16,000. That’s the number of officers it took on the streets of London to take back control of the streets after rioters burned Tottenham and Croydon, and looters ransacked Clapham and Hackney.

The Prime Minister promised:

“We won’t do anything that will reduce the amount of visible policing on our streets”.

But over 5,000 police officers have gone already from 999 response units, traffic cops, and neighbourhood police.

So when 30,000 officers took an hour and a half to march ten abreast past the Home Office to demonstrate the strength of anger and concern, I think the Home Secretary should have answered you.

We called the Home Secretary to Parliament to respond. It is an utter disgrace that on police cuts she had absolutely nothing to say.

Everyone recognises the police have to make their share of savings.

Labour has said repeatedly since before the election that the police budget would have to be cut.

We supported 12% cuts. Based on expert work in the Home Office and by the Inspectorate. But not 20% cuts.

We supported £1bn annual savings over the course of a Parliament. And yes that would require pay restraint, reforms and back office cuts to achieve it. But it would also mean you could protect the frontline rather than watching 16,000 officers go.

Ministers would have you believe that means we support their plans. Quite the reverse. Instead of the £1bn cuts we accepted, they are cutting £2bn. Going too far too fast. And that’s why so many officers are being lost.

I know and you know that we won’t always agree.

Labour in government had disagreements with the police.

And there will be issues we disagree over in future too.

On pay and pensions, we believe further reforms are needed.

But they should be done through fair negotiations.

Some officers I know now support the police having the right to strike.

I strongly don’t. The police are the emergency service of last resort.

But there’s a flip side to that.

Government should respect and value the office of constable on which we depend.

When I spoke last year I supported your call for a royal commission

Not because policing in Britain is broken. But because to cut crime and keep the public safe, we should always seek reforms and improvements to make policing better.

I said then we would press the Government for a royal commission or major independent review of the long term future of policing in the 21st century.

And I said that if the Government refused to set up any kind of overarching review, then we would do so instead.

We have done so.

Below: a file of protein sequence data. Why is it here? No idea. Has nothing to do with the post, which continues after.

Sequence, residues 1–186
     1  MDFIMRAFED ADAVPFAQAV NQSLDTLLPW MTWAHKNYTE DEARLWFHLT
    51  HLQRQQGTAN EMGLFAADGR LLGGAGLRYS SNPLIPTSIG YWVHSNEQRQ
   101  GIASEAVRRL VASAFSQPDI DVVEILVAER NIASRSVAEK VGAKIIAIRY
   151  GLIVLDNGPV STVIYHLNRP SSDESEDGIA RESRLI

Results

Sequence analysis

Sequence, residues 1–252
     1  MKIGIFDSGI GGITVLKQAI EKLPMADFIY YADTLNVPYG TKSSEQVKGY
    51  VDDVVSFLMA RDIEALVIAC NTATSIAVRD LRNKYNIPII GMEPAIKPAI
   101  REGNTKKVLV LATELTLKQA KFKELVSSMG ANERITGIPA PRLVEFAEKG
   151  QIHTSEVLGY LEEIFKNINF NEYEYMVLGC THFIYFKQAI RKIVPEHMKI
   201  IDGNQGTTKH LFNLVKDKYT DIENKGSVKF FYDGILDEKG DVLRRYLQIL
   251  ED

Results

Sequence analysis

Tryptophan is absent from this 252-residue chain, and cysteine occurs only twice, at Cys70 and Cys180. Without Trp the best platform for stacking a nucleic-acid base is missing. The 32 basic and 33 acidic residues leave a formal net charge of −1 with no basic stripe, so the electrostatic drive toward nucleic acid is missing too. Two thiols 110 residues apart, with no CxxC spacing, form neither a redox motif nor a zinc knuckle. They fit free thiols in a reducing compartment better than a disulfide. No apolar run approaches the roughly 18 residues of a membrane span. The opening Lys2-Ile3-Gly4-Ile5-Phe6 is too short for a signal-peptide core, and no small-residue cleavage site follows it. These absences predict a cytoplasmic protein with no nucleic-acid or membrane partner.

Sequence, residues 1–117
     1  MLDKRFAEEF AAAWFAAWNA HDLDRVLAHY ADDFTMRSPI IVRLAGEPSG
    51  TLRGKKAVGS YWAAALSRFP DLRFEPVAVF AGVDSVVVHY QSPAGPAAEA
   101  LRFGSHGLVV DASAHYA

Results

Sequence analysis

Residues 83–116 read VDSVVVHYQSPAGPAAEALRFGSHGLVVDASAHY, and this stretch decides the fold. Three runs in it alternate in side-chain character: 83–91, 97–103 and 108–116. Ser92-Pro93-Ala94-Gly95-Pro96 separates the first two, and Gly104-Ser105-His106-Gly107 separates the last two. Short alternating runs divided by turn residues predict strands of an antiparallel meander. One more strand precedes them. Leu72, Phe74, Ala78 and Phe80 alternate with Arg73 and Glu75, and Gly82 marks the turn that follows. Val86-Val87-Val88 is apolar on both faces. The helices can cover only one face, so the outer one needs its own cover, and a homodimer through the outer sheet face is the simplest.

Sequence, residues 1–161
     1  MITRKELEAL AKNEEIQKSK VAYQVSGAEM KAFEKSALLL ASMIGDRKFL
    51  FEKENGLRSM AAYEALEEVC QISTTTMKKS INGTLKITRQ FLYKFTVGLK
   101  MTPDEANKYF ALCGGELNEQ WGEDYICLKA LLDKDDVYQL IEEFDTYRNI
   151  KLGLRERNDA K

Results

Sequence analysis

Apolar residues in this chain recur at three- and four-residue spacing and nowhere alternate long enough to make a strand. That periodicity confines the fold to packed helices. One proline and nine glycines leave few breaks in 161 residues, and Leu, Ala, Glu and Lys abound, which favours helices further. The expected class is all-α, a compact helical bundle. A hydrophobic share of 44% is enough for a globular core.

Lord Stevens, former Commissioner of the Met, has now begun work. Drawing on expert advice and contributions from serving officers, members of the public, academics and top criminologists, former Chief Officers, business people, local government workers, even our security and intelligence agencies, from Britain and across the world.

Looking at:

Challenges of the future – more national, international and high tech crimes. Greater expectations for fast and responsive local policing.

The talented, flexible and professional workforce needed.

Accountability, checks and balances.

The balance between national and local policing priorities.

But this Government has no positive vision for the future of policing.

Instead we have just chaos and contradictions:

Scrapping the NPIA with no proper plan for national training and development when it goes.

Abolishing the Forensic Science Service before sufficient quality services are available in its place.

Fragmenting forces with elected police and crime commissioners just when forces need to co-operate more.

Major cuts in service, yet £100m for elections in November that no one wants.

Promising less bureaucracy yet forcing officers to do more paperwork because so many police staff have been cut.

Undermining neighbourhood policing – one of the most important and successful reforms Labour introduced – as some areas consider removing officers and leaving PCSOs alone to do the job.

And demoralising the officers and staff who we need to be highly motivated by the cack handed approach to Winsor reforms.

The detail of the Winsor proposals is of course a matter for you and your representatives to pursue in the negotiations.

But let me raise some general points.

I think there should be reforms to pay and conditions to support modernisation of the police. Many police officers I’ve spoken to recognise that too.

I think there should be greater emphasis on skills, and the development of talent, faster track promotions, greater flexibility. We supported the Neyroud report. Fitness tests make sense too.

But the Home Secretary was completely wrong to give whole sale backing to the Winsor report when it raises so many concerns.

For example:

Regional pay is likely to cost more not less.

Calling for higher qualified recruits whilst cutting starting salaries makes no sense at all.

Too little consideration has been given to the impact on individual officers at a time when family budgets are already being squeezed.